In the chill of the morning, a string of black Ibis wind their way across a rosy pink sky over the high desert plain. Under a scrawny mesquite tree by the reservoir, two men are scooping rich soil from the shore into flour sacks and loading them onto the backs of two waiting burros. The smells of animals and earth and wood smoke from the nearby village fill the air. They work silently, the burros shifting under the growing weight of their load, their ears twitching among the flies that buzz lazily around their heads.

Finally, the bags are tied onto the animals with rope, and men and beasts begin the long climb up the hillside toward the clanging church bells of San Miguel. They walk past the bright green alfalfa fields and the small adobe and brick houses, climbing over the railroad tracks by the old abandoned train station to where the dirt roads turn to pavement at the edge of town. They lead the animals uphill towards the center of town, passing children in school uniforms carrying day packs full of books, their hair slicked back and shoes freshly shined. They nod to the housewives and maids in aprons and rebozos carrying their plastic shopping bags down to the market. Gringos weave past them on the stone sidewalks carrying yoga mats, Spanish books, sketchpads and laptops. Early morning traffic grinds its way up the narrow streets.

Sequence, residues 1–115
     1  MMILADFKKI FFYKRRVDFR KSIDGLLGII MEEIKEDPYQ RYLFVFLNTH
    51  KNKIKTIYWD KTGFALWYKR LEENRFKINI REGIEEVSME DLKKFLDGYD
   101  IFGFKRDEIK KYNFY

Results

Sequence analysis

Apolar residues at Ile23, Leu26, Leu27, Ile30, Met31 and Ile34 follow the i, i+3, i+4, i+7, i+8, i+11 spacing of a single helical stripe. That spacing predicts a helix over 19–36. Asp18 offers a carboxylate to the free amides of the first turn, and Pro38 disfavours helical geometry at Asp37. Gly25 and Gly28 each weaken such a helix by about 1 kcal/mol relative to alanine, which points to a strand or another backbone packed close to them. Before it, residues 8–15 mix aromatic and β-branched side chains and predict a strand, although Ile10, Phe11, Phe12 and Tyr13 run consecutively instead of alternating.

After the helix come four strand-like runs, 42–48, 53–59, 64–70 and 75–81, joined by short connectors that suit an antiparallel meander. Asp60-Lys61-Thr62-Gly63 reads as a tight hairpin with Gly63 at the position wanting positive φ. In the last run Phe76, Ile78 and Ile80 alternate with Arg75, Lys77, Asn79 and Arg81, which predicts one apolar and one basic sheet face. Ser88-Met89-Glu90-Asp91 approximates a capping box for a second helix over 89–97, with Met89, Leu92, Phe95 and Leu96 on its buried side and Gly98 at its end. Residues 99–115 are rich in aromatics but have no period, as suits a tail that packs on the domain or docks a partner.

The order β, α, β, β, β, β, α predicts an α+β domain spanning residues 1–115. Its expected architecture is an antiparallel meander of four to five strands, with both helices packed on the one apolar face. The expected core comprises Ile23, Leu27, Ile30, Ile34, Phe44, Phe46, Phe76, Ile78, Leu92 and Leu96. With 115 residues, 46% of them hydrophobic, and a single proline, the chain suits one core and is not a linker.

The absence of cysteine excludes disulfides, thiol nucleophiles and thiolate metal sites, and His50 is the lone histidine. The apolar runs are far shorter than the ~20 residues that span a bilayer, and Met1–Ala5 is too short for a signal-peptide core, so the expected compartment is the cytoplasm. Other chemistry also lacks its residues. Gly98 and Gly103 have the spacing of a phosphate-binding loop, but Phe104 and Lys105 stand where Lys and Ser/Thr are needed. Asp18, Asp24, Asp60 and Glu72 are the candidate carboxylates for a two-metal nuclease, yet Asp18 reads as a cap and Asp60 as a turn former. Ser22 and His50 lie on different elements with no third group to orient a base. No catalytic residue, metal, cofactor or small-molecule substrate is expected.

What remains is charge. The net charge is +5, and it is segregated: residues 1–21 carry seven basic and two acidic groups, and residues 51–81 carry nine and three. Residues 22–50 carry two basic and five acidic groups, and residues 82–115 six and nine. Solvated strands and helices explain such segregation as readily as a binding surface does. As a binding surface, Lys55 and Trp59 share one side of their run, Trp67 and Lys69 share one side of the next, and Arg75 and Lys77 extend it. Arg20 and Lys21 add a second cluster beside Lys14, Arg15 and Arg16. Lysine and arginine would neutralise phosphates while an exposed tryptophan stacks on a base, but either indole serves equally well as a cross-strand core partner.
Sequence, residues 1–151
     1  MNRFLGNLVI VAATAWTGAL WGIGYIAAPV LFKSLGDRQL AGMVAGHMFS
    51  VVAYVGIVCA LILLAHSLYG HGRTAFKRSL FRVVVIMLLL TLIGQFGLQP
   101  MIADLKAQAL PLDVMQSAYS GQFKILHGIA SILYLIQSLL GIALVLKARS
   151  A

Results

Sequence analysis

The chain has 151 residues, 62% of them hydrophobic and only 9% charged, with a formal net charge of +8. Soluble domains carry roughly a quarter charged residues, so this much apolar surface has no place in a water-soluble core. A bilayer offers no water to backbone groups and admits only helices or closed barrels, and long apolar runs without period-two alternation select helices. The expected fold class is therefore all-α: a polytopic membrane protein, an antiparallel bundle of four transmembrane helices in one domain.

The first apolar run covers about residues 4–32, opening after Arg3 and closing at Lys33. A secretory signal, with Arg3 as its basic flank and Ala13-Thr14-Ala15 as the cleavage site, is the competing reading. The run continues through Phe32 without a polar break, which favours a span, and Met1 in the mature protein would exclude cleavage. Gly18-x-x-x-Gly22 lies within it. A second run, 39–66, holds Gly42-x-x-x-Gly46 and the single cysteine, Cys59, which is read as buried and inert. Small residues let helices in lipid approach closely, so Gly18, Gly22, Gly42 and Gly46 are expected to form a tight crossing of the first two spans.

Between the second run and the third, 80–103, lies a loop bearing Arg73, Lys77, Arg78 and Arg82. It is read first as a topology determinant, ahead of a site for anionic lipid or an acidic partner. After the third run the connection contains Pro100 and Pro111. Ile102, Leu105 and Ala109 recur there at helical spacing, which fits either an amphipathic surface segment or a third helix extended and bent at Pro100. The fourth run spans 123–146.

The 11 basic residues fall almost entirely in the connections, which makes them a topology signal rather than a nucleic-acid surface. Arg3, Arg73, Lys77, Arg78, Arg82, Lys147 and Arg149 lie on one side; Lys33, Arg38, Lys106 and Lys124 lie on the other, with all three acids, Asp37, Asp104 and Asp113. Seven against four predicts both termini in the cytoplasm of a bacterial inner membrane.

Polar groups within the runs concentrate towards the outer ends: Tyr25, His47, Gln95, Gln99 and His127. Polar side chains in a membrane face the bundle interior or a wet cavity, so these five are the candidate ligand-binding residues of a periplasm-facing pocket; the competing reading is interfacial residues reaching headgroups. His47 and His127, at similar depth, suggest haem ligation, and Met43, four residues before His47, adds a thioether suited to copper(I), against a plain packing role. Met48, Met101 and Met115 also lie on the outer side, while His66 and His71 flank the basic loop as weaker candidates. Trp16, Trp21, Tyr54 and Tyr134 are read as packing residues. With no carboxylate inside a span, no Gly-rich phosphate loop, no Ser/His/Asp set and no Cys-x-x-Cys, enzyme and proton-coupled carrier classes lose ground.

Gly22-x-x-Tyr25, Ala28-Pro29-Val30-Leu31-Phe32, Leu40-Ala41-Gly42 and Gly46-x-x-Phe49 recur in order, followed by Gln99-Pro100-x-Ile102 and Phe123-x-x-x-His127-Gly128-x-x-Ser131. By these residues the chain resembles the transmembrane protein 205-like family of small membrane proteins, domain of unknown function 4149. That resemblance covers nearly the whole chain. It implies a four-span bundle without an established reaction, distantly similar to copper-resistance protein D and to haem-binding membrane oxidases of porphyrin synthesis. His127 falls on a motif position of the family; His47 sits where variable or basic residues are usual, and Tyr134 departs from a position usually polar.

A dusty golden light peeks over the tops of the buildings, slanting across the ochre and sienna walls and meandering up the cobblestone streets and into the courtyards and gardens as a new crescent moon fades into the lightening sky. The hot, yeasty fragrance from the local bakery mingles with the smell of diesel fumes and wet stones. Pigeons coo and flap from various niches in the old stone and brick buildings. Doorways open and young women with plastic buckets sprinkle water onto the dusty streets as if bestowing blessings.